Quality Standards for Aboriginal Aged Care
The Australian Government has detailed a plan to improve the long-term quality of aged care for Indigenous communities.
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22 September 2008
The Australian Government today detailed a plan to improve the long-term quality of aged care for Indigenous communities.
This includes setting – for the first time – an independent set of quality standards applied to flexible Aboriginal aged care services in remote and very remote communities.
This is supported by a $46.2 million program to support care staff and management, provide locum relief and improve facilities.
These services are outside the Aged Care Act 1997, which oversees nursing home standards in Australia.
The new quality standards will apply to the National Aboriginal and Torres Strait Islander Flexible Aged Care Program - set up in 1994 – to provide services in Indigenous communities that would not be able to support a nursing home on the urban model.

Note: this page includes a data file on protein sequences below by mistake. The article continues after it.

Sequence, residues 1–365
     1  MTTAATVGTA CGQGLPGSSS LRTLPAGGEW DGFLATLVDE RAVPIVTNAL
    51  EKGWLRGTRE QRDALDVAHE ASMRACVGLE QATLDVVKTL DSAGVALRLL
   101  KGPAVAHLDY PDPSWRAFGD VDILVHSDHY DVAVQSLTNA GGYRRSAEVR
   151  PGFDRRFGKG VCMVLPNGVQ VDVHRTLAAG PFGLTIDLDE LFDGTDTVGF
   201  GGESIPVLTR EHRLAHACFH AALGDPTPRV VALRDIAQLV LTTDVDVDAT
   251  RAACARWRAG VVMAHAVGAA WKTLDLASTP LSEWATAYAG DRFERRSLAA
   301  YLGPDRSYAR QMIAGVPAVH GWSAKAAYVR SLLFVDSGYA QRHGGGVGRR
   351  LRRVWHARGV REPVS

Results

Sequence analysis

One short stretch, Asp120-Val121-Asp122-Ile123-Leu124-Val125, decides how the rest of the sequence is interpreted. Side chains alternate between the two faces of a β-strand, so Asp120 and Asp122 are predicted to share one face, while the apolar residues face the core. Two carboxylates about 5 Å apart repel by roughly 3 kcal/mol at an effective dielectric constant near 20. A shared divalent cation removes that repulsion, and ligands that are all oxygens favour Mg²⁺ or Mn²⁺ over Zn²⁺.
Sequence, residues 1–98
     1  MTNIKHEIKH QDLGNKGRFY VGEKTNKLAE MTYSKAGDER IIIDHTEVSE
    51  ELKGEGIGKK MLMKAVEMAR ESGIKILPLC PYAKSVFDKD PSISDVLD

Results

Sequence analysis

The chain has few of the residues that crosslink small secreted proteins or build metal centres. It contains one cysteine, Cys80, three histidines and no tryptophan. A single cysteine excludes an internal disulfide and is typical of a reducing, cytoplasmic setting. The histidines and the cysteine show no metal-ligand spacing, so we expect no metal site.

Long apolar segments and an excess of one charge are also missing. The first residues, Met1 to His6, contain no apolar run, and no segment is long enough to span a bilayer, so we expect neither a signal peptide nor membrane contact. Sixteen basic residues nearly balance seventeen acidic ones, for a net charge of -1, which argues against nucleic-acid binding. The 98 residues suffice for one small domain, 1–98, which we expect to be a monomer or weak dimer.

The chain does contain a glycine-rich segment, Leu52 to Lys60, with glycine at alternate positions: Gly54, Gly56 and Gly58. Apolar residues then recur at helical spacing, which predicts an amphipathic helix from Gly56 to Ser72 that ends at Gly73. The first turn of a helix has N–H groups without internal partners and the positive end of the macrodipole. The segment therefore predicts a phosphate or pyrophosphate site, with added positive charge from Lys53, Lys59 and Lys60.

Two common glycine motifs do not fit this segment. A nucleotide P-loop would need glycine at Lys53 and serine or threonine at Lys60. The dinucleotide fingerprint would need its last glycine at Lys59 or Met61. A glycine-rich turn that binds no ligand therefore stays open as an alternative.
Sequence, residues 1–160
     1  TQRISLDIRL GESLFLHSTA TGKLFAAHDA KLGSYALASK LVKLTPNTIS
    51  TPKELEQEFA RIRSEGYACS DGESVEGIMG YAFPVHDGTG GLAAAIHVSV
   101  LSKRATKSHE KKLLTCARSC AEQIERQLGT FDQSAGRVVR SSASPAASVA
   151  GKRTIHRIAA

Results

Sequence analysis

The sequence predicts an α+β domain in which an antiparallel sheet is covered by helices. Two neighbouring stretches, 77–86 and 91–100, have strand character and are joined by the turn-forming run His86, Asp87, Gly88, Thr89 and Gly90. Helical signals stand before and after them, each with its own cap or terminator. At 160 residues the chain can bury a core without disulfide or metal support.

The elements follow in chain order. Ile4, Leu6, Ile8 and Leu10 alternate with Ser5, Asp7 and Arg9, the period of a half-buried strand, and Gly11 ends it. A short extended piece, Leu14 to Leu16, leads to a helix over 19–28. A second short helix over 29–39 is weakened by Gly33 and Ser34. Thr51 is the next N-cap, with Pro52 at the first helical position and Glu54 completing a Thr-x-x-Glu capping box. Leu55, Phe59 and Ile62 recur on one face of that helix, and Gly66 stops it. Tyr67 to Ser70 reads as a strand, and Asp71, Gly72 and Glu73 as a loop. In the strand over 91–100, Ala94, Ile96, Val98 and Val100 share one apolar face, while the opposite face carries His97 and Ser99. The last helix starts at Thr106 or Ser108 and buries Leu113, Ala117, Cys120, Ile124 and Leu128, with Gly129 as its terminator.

(Before this program, older Indigenous people had to leave their communities to receive aged care.)
There are 30 Aboriginal flexible aged care services, providing about 700 places in mainly remote and very remote areas. The Government has recognised the vulnerability of these isolated aged care services.
Mrs Elliot detailed the Government’s plan to support and improve the quality of the flexible Indigenous aged care services:
1. Development of the first independent quality framework to set standards for the National Aboriginal and Torres Strait Flexible Aged Care Program. The framework will include standards for health and personal care, safety and physical environment, culturally appropriate lifestyle and effective management and governance. Mrs Elliot said that during preliminary consultations, providers of Indigenous aged care expressed support for a model that allows for peer assessment by providers and professional colleagues, who understand the cultural context within which their services operate.
2. A program of grants for capital works to improve the infrastructure of the flexible Aboriginal aged care services. This is needed as some services do not meet basic safety and amenity standards. This includes funds for new building, refurbishment, extensions, staff housing and – importantly – for an ongoing maintenance program.